Philadelphia Inquirer's Scores

  • Movies
  • TV
For 3,538 reviews, this publication has graded:
  • 70% higher than the average critic
  • 3% same as the average critic
  • 27% lower than the average critic
On average, this publication grades 5.8 points higher than other critics. (0-100 point scale)
Average Movie review score: 68
Highest review score: 100 Birdman or (The Unexpected Virtue of Ignorance)
Lowest review score: 0 A Little Bit of Heaven
Score distribution:
3,538 movie reviews
  1. What a mess.
  2. 88 Minutes proves itself to be a maddeningly mediocre, ineptly manipulative "real-time" thriller.
  3. Tennant aims for a contemporary version of "The Thin Man," wedding the banter of sparring spouses with sleuth work. To say that he falls short of the mark is understatement.
  4. It would seem that Allen and screenwriters John Quaintance and Jessica Bendinger couldn't decide between making a movie about the summer that 'tweens become teens or "Scenes From a Mal"l for the MTV set.
  5. So achingly empty, it's nearly existential.
  6. If you are unlucky enough to stray into the presence of Bats, I strongly recommend you follow their wise example. Hang from the ceiling and go to sleep.
    • Philadelphia Inquirer
  7. Like a grade-school version of an Indiana Jones adventure.
  8. Hoffman's turn as the drag queen has its endearing and comically catty moments, but Flawless' utter phoniness subsumes all efforts at honest acting.
  9. Feels like it's been homogenized and Hollywoodized to death.
  10. Laughably predictable and lamentably unfunny, Laws of Attraction practically creaks from the effort exerted by its cast, straining to bring snap and panache to a hackneyed exercise. Sno Ball, anyone?
  11. This low-budget, high-gore sequel can be effectively frightening at times, and just plain boring, too. The suspense builds, the blood gushes, the momentum dissipates. It's an unsatisfying mix.
  12. Painfully cute drama.
  13. To paraphrase one of the few memorable lines in the movie, "Even stink would say this stinks."
  14. Judah Friedlander and Lindsay Lohan are striking, respectively, as a Lennon paparazzo and a fan creeped out by Chapman.
  15. Instead of paying homage to these creepy creatures of bygone Hollywood, Sommers seems to be unwittingly lampooning them. The first few minutes of Van Helsing, shot in black and white, look like outtakes from Mel Brooks' gagfest "Young Frankenstein."
  16. The Best of Me is neither worse than his other films nor particularly better. At 118 minutes, it is, however, one of the longest. Interminably long, dragging out its molasses heart through what seem like three different endings.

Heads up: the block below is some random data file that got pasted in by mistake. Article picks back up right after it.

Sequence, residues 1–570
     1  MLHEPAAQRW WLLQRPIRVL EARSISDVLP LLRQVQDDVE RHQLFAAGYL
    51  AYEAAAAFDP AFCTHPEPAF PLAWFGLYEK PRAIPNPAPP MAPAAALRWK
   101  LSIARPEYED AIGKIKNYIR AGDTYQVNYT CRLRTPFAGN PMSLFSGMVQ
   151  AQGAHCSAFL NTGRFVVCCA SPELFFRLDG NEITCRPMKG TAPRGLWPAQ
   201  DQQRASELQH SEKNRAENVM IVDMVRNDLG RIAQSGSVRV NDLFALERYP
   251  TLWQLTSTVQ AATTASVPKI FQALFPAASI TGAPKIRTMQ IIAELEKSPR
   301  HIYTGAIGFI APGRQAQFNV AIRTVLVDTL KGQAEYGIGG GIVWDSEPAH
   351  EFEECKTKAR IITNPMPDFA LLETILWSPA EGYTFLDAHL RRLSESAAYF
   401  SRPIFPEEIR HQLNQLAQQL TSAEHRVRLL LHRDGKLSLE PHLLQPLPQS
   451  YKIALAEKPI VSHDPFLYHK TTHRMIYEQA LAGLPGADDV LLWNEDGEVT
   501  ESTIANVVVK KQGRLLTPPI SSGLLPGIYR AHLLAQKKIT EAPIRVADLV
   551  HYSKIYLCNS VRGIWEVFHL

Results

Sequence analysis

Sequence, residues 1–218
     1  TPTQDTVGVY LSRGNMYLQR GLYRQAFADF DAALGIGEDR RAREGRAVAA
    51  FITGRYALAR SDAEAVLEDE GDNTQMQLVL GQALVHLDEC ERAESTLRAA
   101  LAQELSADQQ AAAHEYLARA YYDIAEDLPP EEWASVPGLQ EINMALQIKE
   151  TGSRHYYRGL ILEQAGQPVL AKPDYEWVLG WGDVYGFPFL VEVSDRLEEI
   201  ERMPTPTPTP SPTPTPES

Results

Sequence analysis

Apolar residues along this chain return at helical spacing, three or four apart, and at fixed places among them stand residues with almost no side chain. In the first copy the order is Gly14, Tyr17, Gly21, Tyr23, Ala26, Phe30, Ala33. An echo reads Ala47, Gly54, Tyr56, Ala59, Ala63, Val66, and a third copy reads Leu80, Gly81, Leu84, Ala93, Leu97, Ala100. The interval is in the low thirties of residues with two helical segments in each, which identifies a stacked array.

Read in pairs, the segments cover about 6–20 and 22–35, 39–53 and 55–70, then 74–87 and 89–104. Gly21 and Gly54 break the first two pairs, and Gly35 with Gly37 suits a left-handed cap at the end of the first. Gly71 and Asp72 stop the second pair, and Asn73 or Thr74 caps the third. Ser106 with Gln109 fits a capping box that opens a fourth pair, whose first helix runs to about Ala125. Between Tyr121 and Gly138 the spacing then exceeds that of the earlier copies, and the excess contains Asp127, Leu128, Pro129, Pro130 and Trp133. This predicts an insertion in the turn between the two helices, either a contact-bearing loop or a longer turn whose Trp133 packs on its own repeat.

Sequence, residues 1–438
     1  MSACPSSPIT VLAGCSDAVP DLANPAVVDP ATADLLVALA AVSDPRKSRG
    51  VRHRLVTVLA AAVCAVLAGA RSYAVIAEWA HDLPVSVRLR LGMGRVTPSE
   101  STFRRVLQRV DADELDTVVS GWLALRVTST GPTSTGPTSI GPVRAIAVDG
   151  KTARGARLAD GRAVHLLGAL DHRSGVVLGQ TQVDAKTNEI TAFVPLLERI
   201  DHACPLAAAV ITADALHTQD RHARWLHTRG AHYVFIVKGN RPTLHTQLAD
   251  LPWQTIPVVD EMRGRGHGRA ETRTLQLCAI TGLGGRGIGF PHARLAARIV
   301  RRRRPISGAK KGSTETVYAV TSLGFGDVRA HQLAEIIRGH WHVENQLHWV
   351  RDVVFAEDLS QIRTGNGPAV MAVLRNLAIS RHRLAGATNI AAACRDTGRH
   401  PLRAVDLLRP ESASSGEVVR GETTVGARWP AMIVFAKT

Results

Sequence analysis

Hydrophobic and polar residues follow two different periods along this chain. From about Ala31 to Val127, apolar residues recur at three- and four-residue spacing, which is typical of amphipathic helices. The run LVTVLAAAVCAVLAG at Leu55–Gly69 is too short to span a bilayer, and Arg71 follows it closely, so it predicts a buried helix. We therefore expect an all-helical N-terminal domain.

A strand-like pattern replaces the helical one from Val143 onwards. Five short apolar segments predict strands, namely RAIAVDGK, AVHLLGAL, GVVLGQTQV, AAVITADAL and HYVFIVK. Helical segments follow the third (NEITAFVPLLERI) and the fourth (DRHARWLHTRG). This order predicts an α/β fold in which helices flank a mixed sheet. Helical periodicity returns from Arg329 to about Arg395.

17. Another high school vixen movie, this one with a potty mouth (the vixen) and pretensions of social commentary (the movie), Pretty Persuasion brings to mind a number of other titles, all better.
  18. The film has been directed in a murky, rhythmless fashion by Niels Arden Oplev.
  19. Clare Lewins' dizzyingly disjointed documentary, I Am Ali, has one thing going for it: its subject, boxing immortal Muhammad Ali.
  20. This heavy-handed muddle of a cop thriller is just impossibly bad.
  21. Surrogates, which borrows tone and content freely from "I, Robot," is all windup and no pitch.
  22. Rarely has a film so equally balanced macho and nacho, but Wrath does leave us with a few valuable lessons: a.) fratricide is a nasty business, best left to the Greeks and b) fighting fire with fire may sound good, but it turns out to be a really stupid idea.
  23. Duplex's tenant-from-hell scenario is as predictable as it is tedious -- a tinny, unsatisfying throwaway farce.
  24. The film quickly turns unintentionally, and unrelentingly, awkward.
  25. The "Golden Girls" with gats.
    • Philadelphia Inquirer
  26. It doesn't help any that Wahlberg, looking perpetually dumbstruck, is among the clunkiest line-readers working in movies today.
  27. Anyone with a sizable role in Dodgeball gets mired in the script's dissipated tone. Two of the climactic jokes involve "Happy Days" references. How tenuous is that?
  28. Like moussed hair and inverted-pyramid shoulder pads, this sloppy, sloppy slapstick is an artifact from the 1980s.
  29. There isn't an original frame or line of dialogue in Rage. It's strictly paint by numbers. Or in this case, plasma.
  30. Ice Cube possesses real screen presence, and it's a shame to see him squander his talents here. He and Epps made me laugh in "Next Friday." They made me squirm here.

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